Las Vegas casino Japan gambling Shinzo Abe

Japan Prime Minister Shinzo Abe wants to attract international travelers by bringing land-based gambling to the country, and Las Vegas casino companies want in on the game. (Image: EPA/telegraph.co.uk)

Las Vegas casino companies are actively monitoring ongoing developments in Japan and the possibility of the country easing its ban on land-based gambling.

Home to over 127 million people, the world’s 11th most populated country, Japan isn’t immune to games of chance. Pachinko halls are found in every town and city in the Asian island nation, and the government operates pari-mutuel betting on horse, boat, and bicycle races.

But traditional gambling formats like slots and table games found in the US and dozens of other countries remain outlawed. The country’s election in July, however, which saw Prime Minister Shinzo Abe’s Liberal Democratic Party (LDP) make significant gains, could lead to an odds increase on Japan authorizing brick-and-mortar gambling.

Abe’s LDP is more favorable to casino-style gambling compared to prior administrations.

In 2014, Abe opined, “Integrated resorts will be a headline attraction for Japan’s growth strategy. We will continue to consider them from the viewpoint of how to attract people from around the world.”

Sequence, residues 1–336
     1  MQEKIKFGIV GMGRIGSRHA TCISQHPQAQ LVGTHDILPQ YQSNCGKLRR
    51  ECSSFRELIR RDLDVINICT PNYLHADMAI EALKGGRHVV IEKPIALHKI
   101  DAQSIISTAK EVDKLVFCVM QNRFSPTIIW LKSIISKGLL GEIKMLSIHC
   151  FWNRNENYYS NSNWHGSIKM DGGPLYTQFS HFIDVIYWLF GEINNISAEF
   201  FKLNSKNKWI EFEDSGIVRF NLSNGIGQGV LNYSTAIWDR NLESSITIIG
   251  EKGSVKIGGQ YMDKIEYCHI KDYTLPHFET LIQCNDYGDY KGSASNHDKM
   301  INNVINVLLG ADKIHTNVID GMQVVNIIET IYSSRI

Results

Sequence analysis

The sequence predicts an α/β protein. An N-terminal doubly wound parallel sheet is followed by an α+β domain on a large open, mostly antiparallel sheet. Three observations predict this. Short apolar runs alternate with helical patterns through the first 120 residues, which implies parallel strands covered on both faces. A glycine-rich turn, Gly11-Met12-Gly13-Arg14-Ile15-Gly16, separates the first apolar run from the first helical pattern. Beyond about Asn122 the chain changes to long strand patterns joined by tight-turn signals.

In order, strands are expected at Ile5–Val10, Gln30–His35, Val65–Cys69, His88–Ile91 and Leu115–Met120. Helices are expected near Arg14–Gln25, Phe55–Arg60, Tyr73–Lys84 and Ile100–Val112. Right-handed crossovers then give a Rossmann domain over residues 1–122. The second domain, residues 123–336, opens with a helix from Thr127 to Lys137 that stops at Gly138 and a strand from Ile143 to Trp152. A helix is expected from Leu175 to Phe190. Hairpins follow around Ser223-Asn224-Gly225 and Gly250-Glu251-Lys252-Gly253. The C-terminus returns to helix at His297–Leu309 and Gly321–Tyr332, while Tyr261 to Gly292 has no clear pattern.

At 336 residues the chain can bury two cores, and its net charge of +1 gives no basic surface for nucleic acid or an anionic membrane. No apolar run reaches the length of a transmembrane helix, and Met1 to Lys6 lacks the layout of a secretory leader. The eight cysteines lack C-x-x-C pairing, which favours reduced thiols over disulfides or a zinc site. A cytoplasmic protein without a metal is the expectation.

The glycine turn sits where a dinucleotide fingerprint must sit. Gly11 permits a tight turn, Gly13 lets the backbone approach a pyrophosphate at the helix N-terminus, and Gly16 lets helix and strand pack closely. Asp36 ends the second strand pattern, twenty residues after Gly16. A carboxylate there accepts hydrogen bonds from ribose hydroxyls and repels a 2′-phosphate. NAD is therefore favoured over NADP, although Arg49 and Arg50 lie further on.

Japan’s National Diet, the country’s legislative branch, is expected to consider casino legislation this fall.

Business and Tourism

One of Abe’s primary goals is to improve his country’s economic standing by transforming Japan into a vacation destination.

According to The Japan Times, the country’s oldest English language newspaper, 19.7 million international travelers visited Japan in 2015. That number is way up from 8.4 million in 2012, but remains far below Abe’s goal of bringing 40 million tourists to the country each year by 2020.

Japan is home to some of the largest companies in the world including Honda and Toyota. And its economy is one of the top three largest generators of revenue in the world according to the International Monetary Fund and World Bank. But when it comes to tourism, Japan is lacking.

The United Nations World Tourism Organization keeps tabs on arriving international tourists for each member country. With 19.7 million arrivals last year, Japan placed well outside of the top 10.

France led the way in 2015 with 84.5 million visitors, while the United States placed second (77.5 million) and Spain third (68.2 million). Russia rounded out the top 10 with 31.3 million guests.

Vegas Licking Its Chops

Abe knows his country will continue to be a worldwide business hub, but he also wants the country to become a destination more appealing to the casual traveler. With most international guests uninterested with pachinko, Abe believes it’s time to offer more familiar gambling games to Japan’s foreign visitors.

Plenty of obstacles stand in the prime minister’s way. The public remains opposed to gambling, as Japanese residents believe legalizing casinos would fuel a gambling epidemic.

Over 5,500 miles away, casino bigwigs in Las Vegas are spending money to win over Japan’s general public. From Las Vegas Sands to Caesars, Sin City gaming conglomerates are thought to be lobbying lawmakers in Tokyo to pass casino regulations.

“We are encouraged by what seems to be growing momentum for integrated resorts,” Caesars International Development President Steven Tight told The Japan Times.

With China continuing its embargo on VIP operators in Macau, Japan could become the next Asian gambling epicenter if Abe gets his way.